It’s that time of year again. Time for holiday programs.
Such as the one recounted by John Irving in “A Prayer for Owen Meany.” The one directed annually by Rev. and Mrs. Wiggin. The one that made Owen mad, because the little kids were “disguised as turtledoves.”In costumes “so absurd that no one knew what these children were supposed to be”! They looked like “science-fiction angels, spectacular life-forms from another galaxy, as if the Wiggins had decided that the Holy Nativity had been attended by beings from faraway planets.”
A la “Away in a Manger,” the Wiggins insisted that Baby Jesus not cry. At all. To accomplish this, they had “dozens of babies backstage (and) the Christ Child was whisked from the manger at the first unholy croak or gurgle” and replaced with a substitute.
It also bothered Owen that “whoever played Joseph was always smirking” and that “the prettiest girl” in the class was always chosen to play Mary. “WHAT DOES PRETTY HAVE TO DO WITH IT?,” Owen asks. “WHO SAYS MARY WAS PRETTY?’”
At the age of 32, I played Joseph opposite a pretty girl. With whom I’m celebrating 40 years of marriage this month. We landed our roles because our 4-month-old was asked to play Jesus. Our 3-year-old, dressed as an angel, was to stand with us. A dozen teenaged angels ballet-danced to a carol as we stood there in awe. Mary and I marveled at the tiny angel in the rear – skipping and whirling familiarly as the spirit moved her. We’d been so busy keeping Baby Jesus quiet that we’d let the littlest angel slip away.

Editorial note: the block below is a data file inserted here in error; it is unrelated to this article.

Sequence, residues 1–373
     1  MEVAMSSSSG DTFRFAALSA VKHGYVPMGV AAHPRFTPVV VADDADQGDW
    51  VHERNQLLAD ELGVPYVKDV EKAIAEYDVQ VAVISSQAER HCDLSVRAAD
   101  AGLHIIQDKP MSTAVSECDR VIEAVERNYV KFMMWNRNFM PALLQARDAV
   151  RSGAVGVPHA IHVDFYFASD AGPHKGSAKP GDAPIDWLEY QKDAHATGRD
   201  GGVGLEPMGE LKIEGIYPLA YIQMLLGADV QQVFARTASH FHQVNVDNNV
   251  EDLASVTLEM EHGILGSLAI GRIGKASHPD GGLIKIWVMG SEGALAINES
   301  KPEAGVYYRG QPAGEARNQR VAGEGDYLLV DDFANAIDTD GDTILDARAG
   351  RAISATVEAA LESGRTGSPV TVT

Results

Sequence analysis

Which leads to the experience of Dr. William Muehl, former Yale Divinity professor. He and his wife were at a nursery-school Christmas play, featuring three Virgin Marys and two Josephs. The school had received multiple costumes over time and did not want to waste them.
The Holy Quintet were followed by 20 angels in diaphanous gowns with large gauze wings. Then came 20 shepherds, boys “dressed in burlap sacks and clutching an assortment of saplings which purported to be crooks. At this point an unfortunate discovery came to light.”
To be sure of “a pleasantly-balanced array on stage,” the director, using chalk, had made a circle on the floor for each angel and a cross for each shepherd. She’d told the kids to find and stand on their marks. Unwisely, this had been done when they were wearing shorts, skirts, and blue jeans. “When the angels came on, in their flowing robes, each of them covered not only their own circle, but the adjacent cross as well.
“The shepherds began looking for their places. Angels were treated as they had never been treated before. And at last, one little boy who had suffered through as much of this nonsense as he could handle, turned to where the teacher in charge was quietly going mad, and announced angrily: ‘These damn angels are fouling up the whole show! They’ve hidden all the crosses.’
“Needless to say, his mother and I were deeply embarrassed.”
Vic Fleming is a district court judge in Little Rock, Ark., where he also teaches at the William H. Bowen School of Law. Contact him at firstname.lastname@example.org.